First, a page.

Leonard Cohen tribute: Our favorite covers of ‘Hallelujah'
The musician is gone, but his masterpiece will live on forever.
Leonard Cohen, the iconic Canadian singer, songwriter and poet, passed away Thursday night at his home in Los Angeles at the age of 82.
Though his 50-year career churned out a number of hits, his most celebrated song is the haunting "Hallelujah." It took him three years to write, and was originally turned down by his music label because it wasn't "commercial enough." Ultimately, however, he got the last laugh. In the intervening years it has become one of the most popular songs in the history of music, covered by countless musicians and even making it to outer space. A new book was devoted entirely to the song's influence.
At the bottom is one of Cohen's best known performances of "Hallelujah," in 2009 in Israel, a country he visited often through the years. But before that, we list a handful of the best covers of his celestial tune.
Zach Condon, the mind behind American indie rock band Beirut, usually plays with a full band, but for this cover dispenses with all but his ukelele, giving a fresh take on a song often accompanied by piano or guitar.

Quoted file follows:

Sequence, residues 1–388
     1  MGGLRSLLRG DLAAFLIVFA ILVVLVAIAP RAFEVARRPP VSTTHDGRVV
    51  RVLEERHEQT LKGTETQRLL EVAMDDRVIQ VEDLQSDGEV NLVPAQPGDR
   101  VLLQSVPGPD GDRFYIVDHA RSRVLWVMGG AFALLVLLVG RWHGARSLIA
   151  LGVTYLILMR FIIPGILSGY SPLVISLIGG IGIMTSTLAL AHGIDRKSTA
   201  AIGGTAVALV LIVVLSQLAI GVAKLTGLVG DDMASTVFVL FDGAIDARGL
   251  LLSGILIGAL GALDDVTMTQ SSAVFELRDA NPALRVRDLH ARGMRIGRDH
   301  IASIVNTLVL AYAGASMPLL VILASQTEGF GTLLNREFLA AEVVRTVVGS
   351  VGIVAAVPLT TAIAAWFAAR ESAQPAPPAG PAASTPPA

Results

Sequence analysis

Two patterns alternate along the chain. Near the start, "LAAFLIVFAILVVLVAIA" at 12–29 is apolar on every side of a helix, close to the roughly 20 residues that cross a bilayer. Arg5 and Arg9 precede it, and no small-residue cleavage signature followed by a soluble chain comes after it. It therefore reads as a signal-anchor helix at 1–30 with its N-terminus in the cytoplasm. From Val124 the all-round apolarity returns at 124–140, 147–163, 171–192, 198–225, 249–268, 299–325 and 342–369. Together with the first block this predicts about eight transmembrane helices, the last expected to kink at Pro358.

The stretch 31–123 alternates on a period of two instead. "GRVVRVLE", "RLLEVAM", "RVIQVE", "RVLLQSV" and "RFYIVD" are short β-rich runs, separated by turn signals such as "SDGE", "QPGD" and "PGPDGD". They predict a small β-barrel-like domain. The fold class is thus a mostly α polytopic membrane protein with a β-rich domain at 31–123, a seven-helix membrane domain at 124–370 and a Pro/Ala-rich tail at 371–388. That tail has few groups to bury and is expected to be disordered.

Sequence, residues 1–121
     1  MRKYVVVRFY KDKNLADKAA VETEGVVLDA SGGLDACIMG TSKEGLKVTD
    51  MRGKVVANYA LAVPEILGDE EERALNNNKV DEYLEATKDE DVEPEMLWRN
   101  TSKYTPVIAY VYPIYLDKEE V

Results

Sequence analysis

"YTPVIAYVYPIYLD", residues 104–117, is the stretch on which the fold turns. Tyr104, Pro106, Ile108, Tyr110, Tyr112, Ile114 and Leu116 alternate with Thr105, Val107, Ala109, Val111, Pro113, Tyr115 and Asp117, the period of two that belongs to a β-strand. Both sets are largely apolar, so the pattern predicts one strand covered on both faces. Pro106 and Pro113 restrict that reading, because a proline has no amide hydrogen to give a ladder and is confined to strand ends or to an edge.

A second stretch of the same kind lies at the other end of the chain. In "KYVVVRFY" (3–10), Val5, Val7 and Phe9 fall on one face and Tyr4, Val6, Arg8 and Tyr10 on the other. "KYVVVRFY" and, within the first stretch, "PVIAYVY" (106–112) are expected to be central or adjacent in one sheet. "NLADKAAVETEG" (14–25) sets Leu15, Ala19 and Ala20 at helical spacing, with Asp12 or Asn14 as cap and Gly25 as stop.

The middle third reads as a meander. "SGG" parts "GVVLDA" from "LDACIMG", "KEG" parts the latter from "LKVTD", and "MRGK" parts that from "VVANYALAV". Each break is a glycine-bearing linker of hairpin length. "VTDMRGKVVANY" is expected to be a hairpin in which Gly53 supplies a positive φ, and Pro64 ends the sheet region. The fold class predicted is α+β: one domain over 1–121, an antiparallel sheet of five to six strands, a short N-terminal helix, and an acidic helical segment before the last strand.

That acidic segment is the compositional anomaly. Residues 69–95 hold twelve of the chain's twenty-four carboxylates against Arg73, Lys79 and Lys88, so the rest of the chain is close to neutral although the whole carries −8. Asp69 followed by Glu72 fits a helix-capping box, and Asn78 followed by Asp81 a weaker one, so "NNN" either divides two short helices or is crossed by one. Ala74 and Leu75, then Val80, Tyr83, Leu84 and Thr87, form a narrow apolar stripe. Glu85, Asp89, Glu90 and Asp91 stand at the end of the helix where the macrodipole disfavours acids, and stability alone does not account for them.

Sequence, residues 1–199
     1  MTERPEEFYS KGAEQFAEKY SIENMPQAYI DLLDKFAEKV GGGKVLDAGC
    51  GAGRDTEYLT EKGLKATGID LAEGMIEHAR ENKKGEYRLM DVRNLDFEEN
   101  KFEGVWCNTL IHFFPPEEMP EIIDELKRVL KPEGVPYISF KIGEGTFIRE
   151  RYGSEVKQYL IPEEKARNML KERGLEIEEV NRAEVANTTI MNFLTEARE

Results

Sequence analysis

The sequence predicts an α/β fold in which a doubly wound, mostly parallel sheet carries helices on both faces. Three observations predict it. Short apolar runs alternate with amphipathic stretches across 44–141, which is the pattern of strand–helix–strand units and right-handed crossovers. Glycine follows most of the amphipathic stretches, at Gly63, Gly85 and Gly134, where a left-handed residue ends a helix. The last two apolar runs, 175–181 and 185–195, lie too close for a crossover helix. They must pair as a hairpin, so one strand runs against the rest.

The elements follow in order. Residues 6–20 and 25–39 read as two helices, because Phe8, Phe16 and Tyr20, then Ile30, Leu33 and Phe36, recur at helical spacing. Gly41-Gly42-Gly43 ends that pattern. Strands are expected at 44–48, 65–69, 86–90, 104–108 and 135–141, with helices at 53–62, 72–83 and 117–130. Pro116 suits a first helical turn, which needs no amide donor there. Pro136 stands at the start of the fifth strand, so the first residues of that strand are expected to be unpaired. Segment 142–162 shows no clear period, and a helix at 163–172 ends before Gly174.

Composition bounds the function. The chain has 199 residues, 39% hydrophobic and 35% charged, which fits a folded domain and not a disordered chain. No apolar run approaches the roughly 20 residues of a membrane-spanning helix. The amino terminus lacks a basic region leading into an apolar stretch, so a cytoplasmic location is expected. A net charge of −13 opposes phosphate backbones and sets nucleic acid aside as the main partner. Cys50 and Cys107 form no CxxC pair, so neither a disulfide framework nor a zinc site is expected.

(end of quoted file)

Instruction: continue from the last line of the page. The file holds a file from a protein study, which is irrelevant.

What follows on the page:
Lang's version was received with such awe and respect that she was asked to perform it at the opening ceremony of the 2010 Vancouver Olympics.
A pop star by day, Timberlake's cover could easily be dismissed. But don't; it is nothing to be chafed at.
Rufus Wainwright (and company)
Wainwright, who was close to Cohen and his family, did his own soulful cover of the song several years ago. This version takes it to another level.
The American a capella group's version of "Hallelujah" is a decidedly updated take on the song. Since this video was released three weeks ago it has garnered nearly 40 million views.
Cale, a founding member of seminal rock band The Velvet Underground, has remained popular as a solo act, much of that popularity is thanks to his "Hallelujah" cover.
Buckley's song has become the gold standard, not just of this song but of covers in general. Nearly 20 years after his death it still continues to land at the top of the charts every so often.
Cohen's concerts in Israel were the stuff of legend. During one such performance, in 1972, he was so moved by the crowd's response to his songs that he had to leave the stage. This performance, his first in the country in decades (he had been on a tour hiatus for many years) sold out in less than 24 hours.
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